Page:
Mar 28, 2008

What I Think I Learned at Writer's Conference

By Christine Thackeray

Last week I went to the LDS Storymaker's Conference. It was so great to finally meet so many people I have gotten to know through ANWA and to learn from many authors who have had the opportunity to share their voice with a larger audience. I attended various workshops and participated in critique sessions, referred to as boot camp which were very helpful. I tried to use every second to my advantage, asking everyone about their projects and hob-nobbing with successful writers.

When I walked in my own front door at the end of the weekend in a daze I couldn't quite define my feelings, but after a few days of unwinding and warming up to my out-of-control laundry room, a few insights have filtered through my addled brain and dropped silently at my feet. You may not agree but this is what it seemed to me-

  1. There was a number of authors I met who had written one or two books some years ago and that was it. Either because their sales were not very good or they ran out of ideas, instead of building an audience, they just stagnated. I so don't want to do that.
  2. After listening to various writers talk about the creative process, I finally feel like I'm doing it right because what works for me IS right. I heard as many processes as people, almost. You had some writers who calendar or map out their stories and some who just wing it. Others who write the most poignant scenes first and then make them all fit together afterwards. That was freeing.
  3. The elements of a story are essential for it to be engaging. I need to do a better job at defining character, conflict, consequence and the one I think they left out, PERSONAL DEVELOPMENT. There has to be a reason not to overcome the conflict that is as compelling as wanting to overcome whatever difficulty is presented, otherwise there is no dilemna- it's a no brainer.
  4. The three writers I met who have taken their careers nationally with large publishers each invested their time and efforts meeting agents and editors face to face at other writer's conferences. They also wrote on a regular basis and kept their production up. They looked at writing as a business and carefully guarded their time. Although I hope to always have a voice in the LDS market, I would like to step into the national venue and need to invest my efforts there if I hope to make that leap.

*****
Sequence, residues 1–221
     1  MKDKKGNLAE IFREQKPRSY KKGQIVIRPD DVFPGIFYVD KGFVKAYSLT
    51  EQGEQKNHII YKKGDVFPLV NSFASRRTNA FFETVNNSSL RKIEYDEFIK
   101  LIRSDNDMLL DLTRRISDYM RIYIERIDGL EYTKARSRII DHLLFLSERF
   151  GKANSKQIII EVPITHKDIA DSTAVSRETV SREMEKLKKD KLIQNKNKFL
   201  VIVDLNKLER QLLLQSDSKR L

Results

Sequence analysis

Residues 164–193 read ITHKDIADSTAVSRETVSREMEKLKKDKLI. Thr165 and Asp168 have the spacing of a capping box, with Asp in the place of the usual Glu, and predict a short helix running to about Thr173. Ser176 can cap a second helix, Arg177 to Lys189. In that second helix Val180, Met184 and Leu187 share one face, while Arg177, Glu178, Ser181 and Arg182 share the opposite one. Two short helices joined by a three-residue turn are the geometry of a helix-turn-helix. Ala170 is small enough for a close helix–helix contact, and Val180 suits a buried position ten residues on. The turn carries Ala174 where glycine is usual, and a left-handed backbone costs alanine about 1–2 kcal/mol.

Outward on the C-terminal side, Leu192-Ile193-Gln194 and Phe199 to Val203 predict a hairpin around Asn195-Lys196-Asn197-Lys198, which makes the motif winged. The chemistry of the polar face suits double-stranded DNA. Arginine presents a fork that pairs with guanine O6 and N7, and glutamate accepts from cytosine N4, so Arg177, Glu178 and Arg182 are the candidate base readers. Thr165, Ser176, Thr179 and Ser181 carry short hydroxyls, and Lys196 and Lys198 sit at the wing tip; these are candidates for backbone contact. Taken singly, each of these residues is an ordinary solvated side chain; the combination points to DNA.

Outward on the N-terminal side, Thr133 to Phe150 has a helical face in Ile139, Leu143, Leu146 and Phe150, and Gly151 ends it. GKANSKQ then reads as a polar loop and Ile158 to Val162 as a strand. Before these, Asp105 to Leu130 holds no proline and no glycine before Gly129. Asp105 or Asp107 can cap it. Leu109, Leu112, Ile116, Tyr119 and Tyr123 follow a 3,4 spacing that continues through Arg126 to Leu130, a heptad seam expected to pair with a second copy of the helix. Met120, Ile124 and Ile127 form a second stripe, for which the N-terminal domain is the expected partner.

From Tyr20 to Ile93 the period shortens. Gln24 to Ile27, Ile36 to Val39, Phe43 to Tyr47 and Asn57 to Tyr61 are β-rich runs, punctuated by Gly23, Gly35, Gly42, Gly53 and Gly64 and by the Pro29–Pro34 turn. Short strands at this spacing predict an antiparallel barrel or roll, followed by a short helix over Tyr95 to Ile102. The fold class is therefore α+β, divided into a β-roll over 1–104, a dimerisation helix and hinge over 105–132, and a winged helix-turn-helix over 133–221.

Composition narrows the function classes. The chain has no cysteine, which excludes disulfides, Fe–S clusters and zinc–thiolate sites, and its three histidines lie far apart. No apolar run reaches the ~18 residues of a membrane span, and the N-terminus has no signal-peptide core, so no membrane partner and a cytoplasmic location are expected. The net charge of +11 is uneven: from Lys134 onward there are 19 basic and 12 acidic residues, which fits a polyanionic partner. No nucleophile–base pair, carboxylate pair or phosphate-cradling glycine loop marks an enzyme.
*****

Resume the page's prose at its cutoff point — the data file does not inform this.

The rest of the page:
5. Getting your book in print is only half the story. Marketing your book is essential for a successful release and for your publisher to want to invest in your next project. You have to be proactive and work hard to find as many readers as possible any creative way you can.

I guess the reality is that anything of real value we choose to pursue takes a lot of effort if we hope to do it well- BUMMER! Publishing on a regular basis and production writing is just a lot of hard work.


  1. How fun for you to be able to attend that conference. I am a wee bit envious! I completely agree with your awareness that what works for you is right! Thanks for sharing your insights!

  2. You are so right about it being hard work. Most of us take to the creative end of writing and ignore the hard side of writing.

  3. Christine--very insightful posting. Writing my first two books was a magical experience. Writing the next three was just like another job. Maybe not, I got paid a lot better for my day job. Yes. It's a lot of hard work. But what're you gonna do? You gotta write.

  4. I love to attend or hear about writing seminars and conventions. When I listen to those pep talks, and get blueprints on how to write, I get excited, but then reality sets in. Who am I kidding? I've never felt driven to write. I'm only driven to 'have written'. (Unfortunately, the two absolutely must come in proper sequence.) Drafting, I've discoveed, can be hard work, especially when you have nothing to say. Editing is hard work because there are so many different ways to say that bit of nothing. Attracting an editor is hard because you can't know on which day she'll be in the mood for your kind of writing. Finding a publisher is either hard, or expensive (when it's self) and selling a book might be the hardest of all. If I'd known how time-consuming the whole project is, I'd have stayed with just dreaming. (Well, maybe that's what I'm doing.)

  5. Hi I am new to your web site hope you don't mind but any way I've always wanted to go to a writer's conference - just to learn more about marketing. I just might do it next year... thanks for the information - Kristeen from "


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